What is Object Framework?
BankNet's Object Framework™ Software Product Offering serves as the backbone for application software components deployed on the Enterprise (IBM S390) platform. It provides management of the organization's enterprise-wide inventory of application objects. Object Framework dispatches the services of these objects by brokering requests. Key features and benefits are consistency, efficiency, and platform neutrality, which are achieved by:

1.Reuse Brokering
2.Component Warehousing
3.Facilitatiing Interapplication/Cross Platform Requests through XML
4.Bridging Legacy Applications to the Internet

1. Reuse Brokering
Object Framework defines a specification for the design of reusable application components. According to a simple request/reply programming model, each function accepts an input message and returns a reply message. This promotes a consistent, enterprise-wide component technology that enables the company to leverage its application software assets through reuse.
    Object Framework uses the Object Oriented Programming paradigm. The application developer defines reusable components as classes and methods, and implements the basic OO principles: Encapsulation, Inheritance, and Polymorphism.

2. Component Warehousing
Each application group within the enterprise maintains its own Object Framework registry of reusable components. The result is a consolidated enterprise-wide component inventory in browsable HTML format. This provides a central access point to the organization's repository of software assets via the corporate Intranet.

3. Interapplication/Cross Platform Requests through XML
Object Framework supports the emerging, non-proprietary standard of XML (Extensible Markup Language -- ISO8879) as the basis for message syntax. XML is gaining rapid acceptance as a standard markup language for documents, as well as for e-commerce. Some of the major strengths of XML are:

  • All XML messages are formed as textual strings. This makes them platform neutral.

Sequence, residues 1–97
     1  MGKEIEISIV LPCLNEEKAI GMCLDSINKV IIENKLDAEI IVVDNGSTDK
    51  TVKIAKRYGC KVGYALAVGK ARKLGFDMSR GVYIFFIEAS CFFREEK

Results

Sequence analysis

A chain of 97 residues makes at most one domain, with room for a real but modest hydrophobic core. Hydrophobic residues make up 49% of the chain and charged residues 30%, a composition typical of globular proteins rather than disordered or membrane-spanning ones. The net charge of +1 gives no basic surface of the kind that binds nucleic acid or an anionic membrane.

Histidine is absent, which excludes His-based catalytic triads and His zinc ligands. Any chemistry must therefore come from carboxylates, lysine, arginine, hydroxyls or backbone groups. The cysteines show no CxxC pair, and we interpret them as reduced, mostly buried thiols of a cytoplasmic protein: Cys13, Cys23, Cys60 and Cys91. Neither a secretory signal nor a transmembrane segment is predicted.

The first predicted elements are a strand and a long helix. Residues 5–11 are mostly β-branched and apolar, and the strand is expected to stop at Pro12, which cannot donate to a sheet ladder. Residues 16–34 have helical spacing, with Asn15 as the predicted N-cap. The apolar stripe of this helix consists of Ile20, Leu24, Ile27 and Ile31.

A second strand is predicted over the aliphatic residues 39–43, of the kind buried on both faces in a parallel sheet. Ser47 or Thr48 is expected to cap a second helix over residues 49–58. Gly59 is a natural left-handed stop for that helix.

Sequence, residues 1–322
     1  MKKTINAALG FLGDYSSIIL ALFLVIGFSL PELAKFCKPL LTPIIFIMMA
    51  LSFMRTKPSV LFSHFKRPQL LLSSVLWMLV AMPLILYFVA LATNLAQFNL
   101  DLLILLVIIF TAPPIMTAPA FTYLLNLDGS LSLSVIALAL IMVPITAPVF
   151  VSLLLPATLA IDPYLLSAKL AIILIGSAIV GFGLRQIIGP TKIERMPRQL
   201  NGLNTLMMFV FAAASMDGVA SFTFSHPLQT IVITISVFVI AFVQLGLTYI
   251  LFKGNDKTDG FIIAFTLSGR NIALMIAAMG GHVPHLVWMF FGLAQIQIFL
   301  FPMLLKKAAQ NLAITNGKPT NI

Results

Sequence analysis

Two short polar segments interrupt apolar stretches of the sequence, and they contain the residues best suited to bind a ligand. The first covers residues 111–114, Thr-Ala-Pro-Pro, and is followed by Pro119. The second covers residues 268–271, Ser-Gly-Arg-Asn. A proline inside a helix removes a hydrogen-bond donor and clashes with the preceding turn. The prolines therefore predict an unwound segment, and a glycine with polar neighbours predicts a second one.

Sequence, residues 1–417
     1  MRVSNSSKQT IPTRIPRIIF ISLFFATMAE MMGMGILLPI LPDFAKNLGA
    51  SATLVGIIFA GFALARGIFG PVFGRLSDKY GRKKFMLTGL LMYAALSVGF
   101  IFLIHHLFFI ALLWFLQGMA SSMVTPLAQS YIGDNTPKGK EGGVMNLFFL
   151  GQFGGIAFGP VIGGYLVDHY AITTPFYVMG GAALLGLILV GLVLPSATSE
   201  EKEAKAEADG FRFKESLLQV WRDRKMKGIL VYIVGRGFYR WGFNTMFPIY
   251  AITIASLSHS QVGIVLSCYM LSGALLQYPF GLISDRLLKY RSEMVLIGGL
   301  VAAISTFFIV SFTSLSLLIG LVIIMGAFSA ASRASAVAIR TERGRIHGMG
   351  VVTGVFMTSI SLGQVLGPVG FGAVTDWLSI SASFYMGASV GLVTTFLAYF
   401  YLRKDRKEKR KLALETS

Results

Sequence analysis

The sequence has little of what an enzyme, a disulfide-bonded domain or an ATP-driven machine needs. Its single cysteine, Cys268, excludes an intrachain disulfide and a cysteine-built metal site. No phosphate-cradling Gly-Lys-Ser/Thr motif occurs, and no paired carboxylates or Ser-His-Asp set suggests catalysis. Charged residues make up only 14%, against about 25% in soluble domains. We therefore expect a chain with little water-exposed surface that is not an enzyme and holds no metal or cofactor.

• Unlike HTML, data represented in XML is marked up in accordance with semantic content, not with formatting information.
An Example The following simple example illustrates how a DEBIT transaction might be expressed in XML. The following text string could be used as an input message to a function built to Object Framework specifications:

<call appl="DDA1"
      method="debit" />
<msg transit="09771"
     trancode="015" />  

Object Framework provides the necessary support services (parsing, validation, mapping, etc.) to bridge between the XML message syntax and the application program. This means that the application program need not be aware of the XML message syntax because Object Framework looks after presenting the message in a format which is friendly to the application program language. For example, the DEBIT input message illustrated above might be presented to a COBOL program as shown here:

01 input-message.
   05 transit-number       Pic 9(05).
   05 account-number       Pic 9(07).
   05 txn-amount           Pic S9(13)V99.
   05 txn-code             Pic 9(03).  

A reply message from an application function is handled in the same way as the input message. The application builds the reply message in an internal structure, and Object Framework translates this into an XML text string.

XML Message Format Uses
The XML message format is ideally suited as an RPC (Remote Program Call) protocol and as an API (Application Program Interface) solution. Its unstructured text format is inherently portable, and the keyword-value pair syntax is particularly tolerent of situations in which interface components are evolving independently. For example, a new version of an API function could implement new keywords and still accept messages from existing calling applications. Conversely, a calling application specifying new keywords could be implemented before the new version of the API function. In this case, the existing API would simply ignore the unrecognized keyword. This degree of version management flexibility is extremely difficult to achieve using traditional fixed format messages. The text message format also lends itself well to testing. With a text editor, manual preparation of input test scripts becomes quite simple.

4. Bridging Legacy Applications to the Internet
Perhaps the most significant benefit of Object Framework is its role as a bridge between enterprise legacy applications and the Internet. XML forms the backbone of this solution. Messages formatted in XML in combination with commercial middleware become the conduit.